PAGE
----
Many of us don't even realise the impact that our fashion choices are having on the global environment.
The desire to keep up with the latest trends has given birth to the fast-fashion industry, where clothes are quickly manufactured from synthetic fibers and are designed for short-term usage. Not only does this process absorb vast enormities of finite resources, but it is also having catastrophic implications in terms of both substantial pollution and further social inequalities.
In fact, it is predicted that by 2050 the fashion industry will be solely responsible for consuming a quarter of the global annual carbon budget (Ellen McArthur Foundation). The majority of us wear synthetic fabrics every day – 60 per cent of all clothing is made of these fabrics, which include materials like polyester and nylon.
Many of these clothes are poorly made and, as a result, it is predicted that more than half of fast-fashion is thrown out in under a year, with one truck of textiles being sent to landfill every second. This is a monumental amount when you consider that there are 86 400 seconds in a day.
But the story of fast-fashion does not end there. Synthetic fibers are those that are derivatives of plastic, and unless you were living under a rock during 2018, then you’ll know that plastic is very bad for aquatic environments. At current rates, the Ellen McArthur Foundation has estimated that between 2015 and 2050, 22 million tonnes of microfibers will be thrown into our oceans.
Every time you put your synthetic fibered clothes into the washing machine, hundreds of thousands of miniscule microfibers are released into the waterways before eventually escaping to the ocean. Once there, these very fie synthetic threads can be engulfed by marine organisms – particularly by bivalves like oysters and mussels, which are filter feeders.
A recent study from the Bigelow Laboratory for Ocean Science revealed that mussels ingest one in ten microfibers within their environment, later incorporating them into their tissues. Seafood is one of the most lucrative commodities traded on the global food market, so it is not a far stretch to suggest that this could have potential harmful consequences for human health through bioaccumulation. Studies have found plastic within humans, but it’s not certain what the impacts are for our bodies.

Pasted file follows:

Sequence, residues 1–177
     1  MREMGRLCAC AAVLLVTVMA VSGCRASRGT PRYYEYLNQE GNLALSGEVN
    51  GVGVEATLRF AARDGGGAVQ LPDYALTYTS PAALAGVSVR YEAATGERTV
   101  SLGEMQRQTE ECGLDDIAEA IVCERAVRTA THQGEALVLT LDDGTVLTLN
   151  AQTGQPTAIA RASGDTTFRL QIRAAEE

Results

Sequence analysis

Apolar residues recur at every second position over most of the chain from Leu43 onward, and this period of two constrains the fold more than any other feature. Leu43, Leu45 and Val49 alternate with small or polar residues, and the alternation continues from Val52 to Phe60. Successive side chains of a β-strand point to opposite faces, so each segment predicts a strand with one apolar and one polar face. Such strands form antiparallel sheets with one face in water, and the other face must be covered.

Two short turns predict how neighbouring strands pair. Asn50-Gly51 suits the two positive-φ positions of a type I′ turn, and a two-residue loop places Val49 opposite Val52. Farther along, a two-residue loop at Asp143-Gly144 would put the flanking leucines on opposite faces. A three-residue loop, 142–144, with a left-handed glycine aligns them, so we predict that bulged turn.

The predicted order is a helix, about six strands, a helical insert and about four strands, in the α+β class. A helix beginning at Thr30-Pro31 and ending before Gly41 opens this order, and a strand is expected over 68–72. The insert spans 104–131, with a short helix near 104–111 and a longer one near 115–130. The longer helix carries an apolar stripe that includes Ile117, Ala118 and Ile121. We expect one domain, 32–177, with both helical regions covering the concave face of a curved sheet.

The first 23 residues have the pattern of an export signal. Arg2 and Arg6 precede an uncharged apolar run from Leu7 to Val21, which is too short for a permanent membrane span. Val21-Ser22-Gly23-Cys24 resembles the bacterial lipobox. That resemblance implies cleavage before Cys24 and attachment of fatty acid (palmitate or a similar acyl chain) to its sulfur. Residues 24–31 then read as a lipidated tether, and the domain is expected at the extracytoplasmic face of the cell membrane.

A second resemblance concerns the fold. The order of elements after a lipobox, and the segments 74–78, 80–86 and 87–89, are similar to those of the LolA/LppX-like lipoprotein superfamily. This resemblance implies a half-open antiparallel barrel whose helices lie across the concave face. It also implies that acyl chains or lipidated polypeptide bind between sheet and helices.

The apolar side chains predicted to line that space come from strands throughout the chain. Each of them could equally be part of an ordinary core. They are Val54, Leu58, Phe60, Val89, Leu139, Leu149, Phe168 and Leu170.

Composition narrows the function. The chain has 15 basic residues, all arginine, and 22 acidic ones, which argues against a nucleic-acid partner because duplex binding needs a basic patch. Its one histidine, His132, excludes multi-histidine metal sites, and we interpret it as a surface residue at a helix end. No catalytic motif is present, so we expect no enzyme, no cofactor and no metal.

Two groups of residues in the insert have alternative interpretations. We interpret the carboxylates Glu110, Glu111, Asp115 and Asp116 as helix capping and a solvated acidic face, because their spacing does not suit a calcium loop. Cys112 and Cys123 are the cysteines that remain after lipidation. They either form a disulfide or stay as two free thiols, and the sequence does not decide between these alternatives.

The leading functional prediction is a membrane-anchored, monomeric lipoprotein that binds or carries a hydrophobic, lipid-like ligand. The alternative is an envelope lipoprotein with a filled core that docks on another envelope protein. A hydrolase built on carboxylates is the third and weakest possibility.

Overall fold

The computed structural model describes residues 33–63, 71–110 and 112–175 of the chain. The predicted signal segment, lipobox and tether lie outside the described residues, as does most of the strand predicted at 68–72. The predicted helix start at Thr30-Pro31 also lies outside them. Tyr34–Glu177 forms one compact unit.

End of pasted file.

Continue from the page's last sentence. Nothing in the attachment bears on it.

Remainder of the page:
So, what can be done to mitigate against this horrendous situation?
A circular economy is the championed direction for the fashion world, but what exactly does it entail? The Ellen McArthur Foundation describes it as “gradually decoupling economic activity from the consumption of finite resources and designing waste out of the system. Underpinned by a transition to renewable energy sources, the circular model builds economic, natural and social capital.”
It is based on three principles: design out waste and pollution; keep products and materials in use; and regenerate natural systems.
Essentially, materials will go through a seemingly never-ending cycle whereby they are consistently re-fashioned into another product of use after their first life. It would result in better economic, environmental and social outcomes that are currently being missed by the present linear textiles system.
In fact, a study in the nature of seven European countries, noted that a move to a circular economy would reduce each country’s greenhouse-gas emissions by up to 70 per cent and expand its workforce by about four per cent, producing the ultimate low-carbon economy.
Undoubtedly, to improve the fashion industry’s impact on our seas, a shift towards biodegradable product composition must be made. Although natural fibers are more expensive, it is imperative that we change the public’s psyche to enable an acceptance of clothing longevity to become the norm.
Currently, the fashion industry has been found to be adding more to global climate change than the aeronautical and shipping industries combined. However, change is already taking place with high- street stores like M&S and H&M already having a textile recycling scheme in operation, and Primark launching a clothing ‘take-back’ scheme later this year. This reprocessing of materials not only creates jobs, but also is energy saving, while simultaneously reducing resource consumption and waste.
Transforming an industry currently worth $2.4 trillion is no easy task, but for our global community that is continually striving for sustainable development, it seems to be a job worth taking.
Embedding sustainable materials in our lives going forward is crucial – the University of York’s One Planet Week, held in Week Six of Spring Term, is centred on this theme. Head to bit.ly/OnePlanetWeek to checkout the programme of events being held.